Everything that City Commission considers should include analysis of racial and health disparities. The 2018 Health Equity report showed Black and Latinx residents live, on average, 5 and 4 years less than White residents, respectively. Residents in North and East Lawrence live 8 years less on average than residents in other parts of our community. This is an emergency. The City should recognize its historic disinvestment in these neighborhoods and communities and pursue policy and development agendas to make sure all residents can lead happy, healthy lives. Together, we can build a more democratic economy and just systems for all our neighbors in Lawrence.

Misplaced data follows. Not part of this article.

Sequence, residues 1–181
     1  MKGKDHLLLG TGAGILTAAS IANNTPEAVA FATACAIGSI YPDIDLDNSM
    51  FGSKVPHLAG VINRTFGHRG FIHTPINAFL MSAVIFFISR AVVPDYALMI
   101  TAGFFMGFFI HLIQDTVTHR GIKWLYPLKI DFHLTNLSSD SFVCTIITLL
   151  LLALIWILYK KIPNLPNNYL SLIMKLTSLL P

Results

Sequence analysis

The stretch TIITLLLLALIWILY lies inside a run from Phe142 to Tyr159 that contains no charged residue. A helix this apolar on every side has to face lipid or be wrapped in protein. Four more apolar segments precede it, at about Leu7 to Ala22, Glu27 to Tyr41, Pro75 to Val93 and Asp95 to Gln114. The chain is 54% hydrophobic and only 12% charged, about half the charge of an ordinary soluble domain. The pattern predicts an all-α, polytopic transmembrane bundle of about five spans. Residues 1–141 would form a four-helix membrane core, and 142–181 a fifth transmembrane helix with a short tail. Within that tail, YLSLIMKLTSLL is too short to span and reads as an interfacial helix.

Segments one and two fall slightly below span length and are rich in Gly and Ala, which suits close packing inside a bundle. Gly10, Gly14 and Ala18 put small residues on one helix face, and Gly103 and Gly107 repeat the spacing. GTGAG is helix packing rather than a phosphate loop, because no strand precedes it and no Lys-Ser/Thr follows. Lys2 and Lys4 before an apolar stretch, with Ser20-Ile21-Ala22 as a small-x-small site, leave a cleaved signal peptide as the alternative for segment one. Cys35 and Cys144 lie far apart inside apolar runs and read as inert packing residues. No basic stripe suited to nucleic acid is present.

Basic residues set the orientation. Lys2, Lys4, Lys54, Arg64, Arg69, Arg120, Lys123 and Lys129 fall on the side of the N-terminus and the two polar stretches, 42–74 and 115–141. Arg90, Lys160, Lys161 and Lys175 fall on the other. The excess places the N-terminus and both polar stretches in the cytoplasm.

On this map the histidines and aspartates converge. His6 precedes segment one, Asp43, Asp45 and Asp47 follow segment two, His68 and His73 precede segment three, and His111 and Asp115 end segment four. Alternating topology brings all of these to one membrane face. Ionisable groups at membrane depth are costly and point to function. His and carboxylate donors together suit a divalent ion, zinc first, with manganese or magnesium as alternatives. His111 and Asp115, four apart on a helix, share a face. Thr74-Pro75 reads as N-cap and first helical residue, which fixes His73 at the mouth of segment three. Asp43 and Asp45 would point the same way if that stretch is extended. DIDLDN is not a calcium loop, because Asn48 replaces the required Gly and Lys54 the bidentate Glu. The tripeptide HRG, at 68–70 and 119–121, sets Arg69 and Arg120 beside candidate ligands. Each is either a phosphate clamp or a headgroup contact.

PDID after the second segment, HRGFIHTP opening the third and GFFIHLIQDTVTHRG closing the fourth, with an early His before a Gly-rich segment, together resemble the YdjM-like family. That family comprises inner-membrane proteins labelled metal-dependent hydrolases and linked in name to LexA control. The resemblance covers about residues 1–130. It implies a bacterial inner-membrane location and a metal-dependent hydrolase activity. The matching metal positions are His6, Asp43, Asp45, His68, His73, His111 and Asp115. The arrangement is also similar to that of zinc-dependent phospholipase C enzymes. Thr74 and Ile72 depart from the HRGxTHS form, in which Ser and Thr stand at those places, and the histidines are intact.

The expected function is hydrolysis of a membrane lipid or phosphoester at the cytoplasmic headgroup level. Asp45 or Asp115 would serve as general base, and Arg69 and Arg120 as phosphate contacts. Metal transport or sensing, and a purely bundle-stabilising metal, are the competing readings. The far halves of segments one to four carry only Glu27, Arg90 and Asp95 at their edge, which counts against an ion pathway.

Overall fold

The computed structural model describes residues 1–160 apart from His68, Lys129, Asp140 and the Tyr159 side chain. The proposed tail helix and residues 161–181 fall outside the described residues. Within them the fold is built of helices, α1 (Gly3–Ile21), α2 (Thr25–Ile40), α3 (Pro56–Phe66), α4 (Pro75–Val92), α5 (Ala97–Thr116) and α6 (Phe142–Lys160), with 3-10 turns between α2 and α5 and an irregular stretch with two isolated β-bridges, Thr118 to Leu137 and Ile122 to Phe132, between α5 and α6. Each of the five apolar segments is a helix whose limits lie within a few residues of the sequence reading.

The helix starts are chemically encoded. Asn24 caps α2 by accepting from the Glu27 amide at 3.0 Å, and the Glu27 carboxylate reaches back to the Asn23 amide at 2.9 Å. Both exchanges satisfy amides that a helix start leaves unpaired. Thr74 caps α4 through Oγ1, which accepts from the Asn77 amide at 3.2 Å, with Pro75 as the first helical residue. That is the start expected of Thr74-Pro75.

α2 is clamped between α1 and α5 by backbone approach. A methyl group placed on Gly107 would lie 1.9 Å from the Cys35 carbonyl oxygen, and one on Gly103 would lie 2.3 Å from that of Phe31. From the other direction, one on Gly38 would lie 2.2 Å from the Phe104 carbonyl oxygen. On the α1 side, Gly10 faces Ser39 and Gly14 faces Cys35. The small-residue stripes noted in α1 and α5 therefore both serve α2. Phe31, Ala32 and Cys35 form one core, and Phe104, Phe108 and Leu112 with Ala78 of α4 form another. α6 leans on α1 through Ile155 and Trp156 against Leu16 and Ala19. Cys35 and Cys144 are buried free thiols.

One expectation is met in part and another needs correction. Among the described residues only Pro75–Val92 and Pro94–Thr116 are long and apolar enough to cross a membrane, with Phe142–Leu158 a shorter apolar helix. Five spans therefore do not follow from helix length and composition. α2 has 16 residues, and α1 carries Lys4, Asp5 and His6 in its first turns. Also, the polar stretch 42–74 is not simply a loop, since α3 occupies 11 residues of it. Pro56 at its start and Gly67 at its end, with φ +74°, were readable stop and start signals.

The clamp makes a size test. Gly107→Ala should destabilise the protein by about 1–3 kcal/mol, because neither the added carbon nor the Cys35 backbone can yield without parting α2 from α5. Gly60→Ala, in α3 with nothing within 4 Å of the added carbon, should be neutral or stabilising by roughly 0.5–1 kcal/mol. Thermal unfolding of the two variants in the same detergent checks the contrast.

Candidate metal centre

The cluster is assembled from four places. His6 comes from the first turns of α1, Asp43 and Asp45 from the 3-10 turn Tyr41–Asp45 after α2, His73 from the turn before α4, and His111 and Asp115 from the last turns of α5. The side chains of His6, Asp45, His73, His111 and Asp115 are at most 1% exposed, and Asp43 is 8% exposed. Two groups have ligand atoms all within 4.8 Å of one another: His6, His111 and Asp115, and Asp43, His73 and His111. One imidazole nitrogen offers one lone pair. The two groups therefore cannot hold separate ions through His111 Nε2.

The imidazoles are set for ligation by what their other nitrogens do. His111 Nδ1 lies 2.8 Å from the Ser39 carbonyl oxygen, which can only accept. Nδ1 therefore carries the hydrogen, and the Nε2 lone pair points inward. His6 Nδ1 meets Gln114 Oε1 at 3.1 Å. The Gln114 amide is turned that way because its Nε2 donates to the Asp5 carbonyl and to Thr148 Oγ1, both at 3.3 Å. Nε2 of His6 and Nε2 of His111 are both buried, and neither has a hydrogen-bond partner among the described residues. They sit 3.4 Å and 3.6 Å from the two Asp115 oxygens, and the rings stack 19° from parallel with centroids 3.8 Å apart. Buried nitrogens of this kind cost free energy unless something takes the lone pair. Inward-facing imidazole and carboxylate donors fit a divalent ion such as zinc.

I think we are starting to see some stark differences in candidates that ARE worried about the issue of housing affordability and availability, and those that are not. In the next two years, if the number of building permits hold, The city WILL run out of infill lots. During that time, prices of lots inside the city, existing home prices, rents, and property taxes are all going to climb higher than we have seen even in recent history. In the next four years, the city commission is going to have to make some serious housing positive decisions that allow citizens choice in where and how they want to live. We have two years to hire a new Planning Director; adopt more flexible codes that encourage good, appropriate, and slightly more dense infill; write a strategic plan with the new city manager that prioritizes affordable and available housing; and determine what policies are working and which are failing. The next two years after that, staff and the city commission will have to scale those policies that worked, and continue to build on any successes. This takes commissioners that have experience in planning and zoning, the ability to work with others over the long term to achieve shared visions, the ability to speak the same language as staff to get at the heart of the problem, and the leadership skills to interact constructively with members of the public.